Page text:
In 1987, when Prof. Alexander Aviram was appointed director of Assouta Medical Center, a private hospital in Tel Aviv, he was surprised to discover that, according to arrangements that existed in the institution, physicians who were not on the Assouta staff received payments for referring patients for examinations and treatments at the hospital.
Aviram learned, for example, that physicians were paid for referring patients to imaging examinations and fertility treatments, and that a relative of a senior member on the executive of one of the Kupat Holim health maintenance organizations was paid for referring patients. It was also discovered, around the same time, that two physicians who worked for the Civil Administration in the territories were paid for referring Palestinians to Assouta.
Aviram was concerned that these arrangements were criminal. However, even if they were not criminal, he concluded, they were certainly contrary to the public good and to a basic rule of medical ethics, namely that a physician should not receive brokerage fees for referring people for examinations or treatment.
The ban on brokerage fees in medicine (in contrast to other professions, such as the law) derives from the fact that, because of the distinctiveness of the medical profession, the very act of payment for referral (in contrast to payment for the actual treatment) is liable to push physicians - and with them patients - into an abyss in which the referral is made only in order to get the payment. The result will be that patients will be sent for unnecessary treatments, which could prove harmful to them and even fatal.
Examples are not hard to find. Aviram himself received complaints around this time to the effect that patients had undergone expensive imaging examinations at Assouta needlessly and at risk to their health. Aviram canceled the payback arrangements and also annulled an agreement between a senior member of the management of Ichilov Hospital in Tel Aviv - a municipal-government institution - and Assouta, according to which the senior figure at Ichilov received $2,000 a month (in addition to an annual trip abroad, worth $3,000) for "administrative and financial consultation." It turned out that, in practice, no such consultation was given.
At this time, a larger hospital in the center of the country is at the center of a similar affair. The police are investigating suspicions that the management of Ichilov, headed by Prof. Gabi Barabash, had arrangements of this kind with six government hospitals. The police suspect that under these arrangements, Ichilov makes payments to research funds of senior cardiologists and catheterization specialists in return for the referral of patients to heart surgery in Ichilov, of all places.
The discovery caused a furor and triggered condemnations. Aviram, who has served in senior posts in various health institutions in Israel, including Ichilov, says that apart from the arrangements he discovered at Assouta and then canceled, he was not aware of similar arrangements in the Israeli medical system. Many other senior figures, including Prof. Mordechai Shani, the director of Sheba Medical Center, and Dr. Eran Halperin, who is on the executive of the Clalit HMO, say the same thing.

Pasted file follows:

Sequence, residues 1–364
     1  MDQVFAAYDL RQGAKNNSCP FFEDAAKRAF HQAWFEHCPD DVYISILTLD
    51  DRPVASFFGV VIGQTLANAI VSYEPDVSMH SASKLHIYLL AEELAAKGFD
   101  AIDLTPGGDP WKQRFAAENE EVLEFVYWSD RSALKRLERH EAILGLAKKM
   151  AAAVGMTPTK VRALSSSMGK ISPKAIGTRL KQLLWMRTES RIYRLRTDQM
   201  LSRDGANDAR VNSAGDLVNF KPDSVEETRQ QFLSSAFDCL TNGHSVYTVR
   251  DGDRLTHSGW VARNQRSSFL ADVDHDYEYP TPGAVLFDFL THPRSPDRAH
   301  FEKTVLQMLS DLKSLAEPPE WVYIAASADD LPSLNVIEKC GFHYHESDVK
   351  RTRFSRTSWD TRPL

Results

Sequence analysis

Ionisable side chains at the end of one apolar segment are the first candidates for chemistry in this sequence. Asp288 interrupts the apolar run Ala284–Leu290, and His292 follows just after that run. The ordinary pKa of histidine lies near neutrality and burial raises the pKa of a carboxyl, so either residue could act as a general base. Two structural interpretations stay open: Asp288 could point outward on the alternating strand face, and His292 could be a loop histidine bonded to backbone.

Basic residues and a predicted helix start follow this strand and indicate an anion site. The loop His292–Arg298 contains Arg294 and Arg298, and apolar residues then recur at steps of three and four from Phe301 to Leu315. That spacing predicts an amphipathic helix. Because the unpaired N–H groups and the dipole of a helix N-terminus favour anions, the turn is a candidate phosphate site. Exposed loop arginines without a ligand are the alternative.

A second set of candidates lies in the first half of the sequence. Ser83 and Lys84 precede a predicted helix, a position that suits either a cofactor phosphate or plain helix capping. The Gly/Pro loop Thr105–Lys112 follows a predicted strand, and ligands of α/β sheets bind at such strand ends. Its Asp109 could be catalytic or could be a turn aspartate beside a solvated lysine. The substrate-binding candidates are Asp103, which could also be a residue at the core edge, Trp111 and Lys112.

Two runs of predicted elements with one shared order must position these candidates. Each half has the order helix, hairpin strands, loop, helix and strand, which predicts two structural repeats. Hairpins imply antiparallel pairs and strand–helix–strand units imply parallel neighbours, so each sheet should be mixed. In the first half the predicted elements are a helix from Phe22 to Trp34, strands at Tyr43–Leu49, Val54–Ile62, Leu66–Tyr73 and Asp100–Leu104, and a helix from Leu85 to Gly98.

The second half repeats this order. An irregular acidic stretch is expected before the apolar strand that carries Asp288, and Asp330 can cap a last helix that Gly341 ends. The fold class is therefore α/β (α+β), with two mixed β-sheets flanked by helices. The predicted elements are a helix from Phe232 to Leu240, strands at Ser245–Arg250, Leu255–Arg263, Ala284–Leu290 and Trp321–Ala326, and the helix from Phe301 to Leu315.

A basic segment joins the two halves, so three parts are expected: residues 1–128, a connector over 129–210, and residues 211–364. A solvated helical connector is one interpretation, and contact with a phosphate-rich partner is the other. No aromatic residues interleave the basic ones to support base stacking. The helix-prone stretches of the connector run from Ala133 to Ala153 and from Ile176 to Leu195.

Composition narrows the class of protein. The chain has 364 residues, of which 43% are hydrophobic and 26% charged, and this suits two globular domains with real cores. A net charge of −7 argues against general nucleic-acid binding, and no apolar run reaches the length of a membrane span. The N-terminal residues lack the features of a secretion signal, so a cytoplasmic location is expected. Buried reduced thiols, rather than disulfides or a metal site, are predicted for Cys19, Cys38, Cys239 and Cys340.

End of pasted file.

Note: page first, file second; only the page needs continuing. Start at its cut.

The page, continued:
The police are looking into the possibility that these payments constitute bribes, and are also trying to find out why Prof. Gideon Uretzky, director of cardiac surgery at Ichilov, asked Barabash's office to pay the chief catheter procedure physician at Hillel Yaffeh Medical Center in Hadera - even though the director of Hillel Yaffeh, Dr. Meir Oren, stated that he was appalled by this and demanded that it not be done.
Also under investigation is the question of why Ichilov transferred "consultation fees" totaling tens of thousands of shekels to the private pocket of the chief catheter procedure physician at Barzilai Hospital in Ashkelon, and the connection of these payments to the referral of patients to Ichilov.
These arrangements were discovered in the course of the ramified investigation the police are currently conducting in the case of Uretzky, who denies, like the rest of the people involved in the affair, all the suspicions against him. Uretzky assumed his post in September 2000, when the trial of the former director of the same department, Dr. Vladimir Yakirevich, was still under way.
In January of this year, Yakirevich was convicted on the harshest indictment in the history of Israeli medicine (including manslaughter in the case of two patients, abandoning patients during surgery and bribe taking).
At that time, though, four years ago, serious questions in the trial had not yet been resolved, such as whether, as Yakirevich claimed, Barabash allowed him to ask for payments directly from patients. (The court found that Barabash had not done this, but it was found that he encouraged Yakirevich to transfer to his department private patients from Assouta and arranged with him for extra payments for surgery.) Another question that had not been clarified at that time was how Barabash had behaved in connection with complaints reaching him from physicians who were subordinate to Yakirevich and from patients.
The judgment found that Barabash had behaved "with kid gloves" toward Yakirevich and had not passed on the complaints to the Health Ministry. It was those complaints that led to Yakirevich's conviction on some of the most serious charges - manslaughter, negligence and extortion under threat.
Even if it's decided that Barabash's acts in the Uretzky affair are not criminal, the dark cloud hanging over Barabash in this affair and in the Yakirevich case raises serious questions about his moral fitness, for the good of the public, to serve as director of one of Israel's largest and most important hospitals.
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